When do vertical (stand-alone) programmes have a place in health systems?

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Key messages of this publication

  • The available evidence on the relative benefits of vertical versus integrated delivery of health services is limited and too weak to allow for clear conclusions about when vertical approaches are desirable.
  • The limited evidence available suggests that integrated approaches to delivering health services, compared with vertical approaches, improve outcomes in selected areas including HIV, mental health and certain communicable diseases. In several countries in the eastern part of the WHO European Region, for example, vertical programmes appear to have impaired the effective management of HIV, tuberculosis, substance abuse and mental health.
  • Nevertheless, vertical programmes may be desirable as a temporary measure if the health system (and primary care) is weak; if a rapid response is needed; to gain economies of scale; to address the needs of target groups that are difficult to reach; to deliver certain very complex services when a highly skilled workforce is needed. In practice, most health services combine vertical and integrated elements, with varying degrees of balance between them.
  • When vertical programmes may be desirable, policy-makers could consider two policy options: (1) time-limited vertical programmes with clear strategies to avoid negative spillover effects for the health system and non-targeted populations; and (2) indefinite programmes, with mechanisms at both the strategic and operational levels to enhance links between the vertical and horizontal elements of the health system.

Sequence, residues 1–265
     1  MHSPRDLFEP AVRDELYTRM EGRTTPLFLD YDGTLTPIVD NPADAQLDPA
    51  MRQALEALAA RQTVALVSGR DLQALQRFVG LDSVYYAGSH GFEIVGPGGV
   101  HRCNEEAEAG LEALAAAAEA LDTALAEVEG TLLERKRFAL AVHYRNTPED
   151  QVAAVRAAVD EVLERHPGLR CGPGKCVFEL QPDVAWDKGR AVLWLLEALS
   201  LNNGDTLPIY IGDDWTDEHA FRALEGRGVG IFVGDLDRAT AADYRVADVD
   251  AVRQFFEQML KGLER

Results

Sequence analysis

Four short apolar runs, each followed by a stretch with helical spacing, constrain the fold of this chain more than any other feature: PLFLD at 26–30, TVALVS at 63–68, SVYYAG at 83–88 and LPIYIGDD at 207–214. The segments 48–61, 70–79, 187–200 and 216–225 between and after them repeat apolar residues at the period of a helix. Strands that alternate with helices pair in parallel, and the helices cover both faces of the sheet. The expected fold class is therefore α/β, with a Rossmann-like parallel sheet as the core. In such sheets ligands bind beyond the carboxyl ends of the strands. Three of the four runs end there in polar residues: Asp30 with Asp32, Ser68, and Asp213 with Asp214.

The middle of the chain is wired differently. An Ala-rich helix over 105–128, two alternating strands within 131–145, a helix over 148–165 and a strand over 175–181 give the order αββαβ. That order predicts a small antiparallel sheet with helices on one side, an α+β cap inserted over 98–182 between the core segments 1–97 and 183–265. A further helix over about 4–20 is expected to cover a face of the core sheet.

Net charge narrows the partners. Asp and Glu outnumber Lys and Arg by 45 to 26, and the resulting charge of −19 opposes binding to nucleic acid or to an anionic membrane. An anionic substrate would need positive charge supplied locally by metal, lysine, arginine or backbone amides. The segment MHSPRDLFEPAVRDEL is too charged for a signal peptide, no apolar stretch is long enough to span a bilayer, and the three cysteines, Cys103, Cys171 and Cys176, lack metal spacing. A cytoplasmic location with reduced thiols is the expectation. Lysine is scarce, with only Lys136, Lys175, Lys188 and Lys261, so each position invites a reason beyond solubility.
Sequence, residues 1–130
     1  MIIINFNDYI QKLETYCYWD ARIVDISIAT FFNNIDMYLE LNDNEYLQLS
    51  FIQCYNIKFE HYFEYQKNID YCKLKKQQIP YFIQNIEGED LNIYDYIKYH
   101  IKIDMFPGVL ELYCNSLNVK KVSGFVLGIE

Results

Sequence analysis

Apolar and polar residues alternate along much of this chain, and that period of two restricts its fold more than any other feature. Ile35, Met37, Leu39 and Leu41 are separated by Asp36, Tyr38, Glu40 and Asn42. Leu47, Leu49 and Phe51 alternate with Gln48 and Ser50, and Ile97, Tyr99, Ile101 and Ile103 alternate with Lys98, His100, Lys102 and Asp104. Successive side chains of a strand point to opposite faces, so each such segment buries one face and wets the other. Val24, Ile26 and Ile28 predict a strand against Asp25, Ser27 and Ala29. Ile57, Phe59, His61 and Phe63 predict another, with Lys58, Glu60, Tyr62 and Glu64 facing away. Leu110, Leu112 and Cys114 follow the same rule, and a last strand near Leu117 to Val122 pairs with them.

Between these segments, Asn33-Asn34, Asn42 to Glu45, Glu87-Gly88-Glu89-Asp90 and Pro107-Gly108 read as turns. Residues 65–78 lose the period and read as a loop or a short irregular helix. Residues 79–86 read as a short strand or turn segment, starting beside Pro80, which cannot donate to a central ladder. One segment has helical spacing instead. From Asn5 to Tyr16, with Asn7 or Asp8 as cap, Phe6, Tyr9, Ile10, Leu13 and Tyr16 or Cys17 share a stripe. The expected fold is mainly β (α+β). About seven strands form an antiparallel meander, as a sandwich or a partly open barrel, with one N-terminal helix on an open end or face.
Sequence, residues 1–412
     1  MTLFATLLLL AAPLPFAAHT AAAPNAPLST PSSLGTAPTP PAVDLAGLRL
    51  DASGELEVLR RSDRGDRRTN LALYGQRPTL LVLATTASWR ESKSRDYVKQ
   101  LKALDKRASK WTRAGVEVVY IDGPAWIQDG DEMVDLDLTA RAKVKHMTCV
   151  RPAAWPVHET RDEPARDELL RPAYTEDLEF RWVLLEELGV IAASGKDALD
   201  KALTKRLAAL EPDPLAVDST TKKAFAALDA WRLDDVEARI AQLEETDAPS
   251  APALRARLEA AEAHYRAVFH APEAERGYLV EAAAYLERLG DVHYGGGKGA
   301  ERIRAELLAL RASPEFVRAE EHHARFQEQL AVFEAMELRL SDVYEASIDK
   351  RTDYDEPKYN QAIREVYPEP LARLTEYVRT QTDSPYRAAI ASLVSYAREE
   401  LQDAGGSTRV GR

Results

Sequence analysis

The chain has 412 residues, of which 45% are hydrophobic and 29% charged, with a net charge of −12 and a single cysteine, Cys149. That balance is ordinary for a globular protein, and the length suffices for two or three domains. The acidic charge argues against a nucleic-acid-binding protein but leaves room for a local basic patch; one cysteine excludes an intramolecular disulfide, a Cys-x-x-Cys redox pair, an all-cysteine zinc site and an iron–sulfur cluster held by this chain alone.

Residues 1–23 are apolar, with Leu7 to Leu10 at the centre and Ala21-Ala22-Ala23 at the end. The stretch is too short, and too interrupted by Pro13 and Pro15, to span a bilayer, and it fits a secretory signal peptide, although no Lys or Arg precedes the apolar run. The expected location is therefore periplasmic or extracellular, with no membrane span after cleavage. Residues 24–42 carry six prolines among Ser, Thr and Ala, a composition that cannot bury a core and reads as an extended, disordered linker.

• Political economy within a particular context and technical factors related to the health system will influence the extent of integration. As powerful interest groups are likely to oppose the integration of vertical programmes, policy-makers should develop strategies to offset such resistance.
  • Where vertical governance, funding and service delivery systems exist, integration will be difficult and changes in service delivery must be underpinned by legal and regulatory adjustments aimed at linking the governance, organization and funding of vertical programmes with mainstream health systems.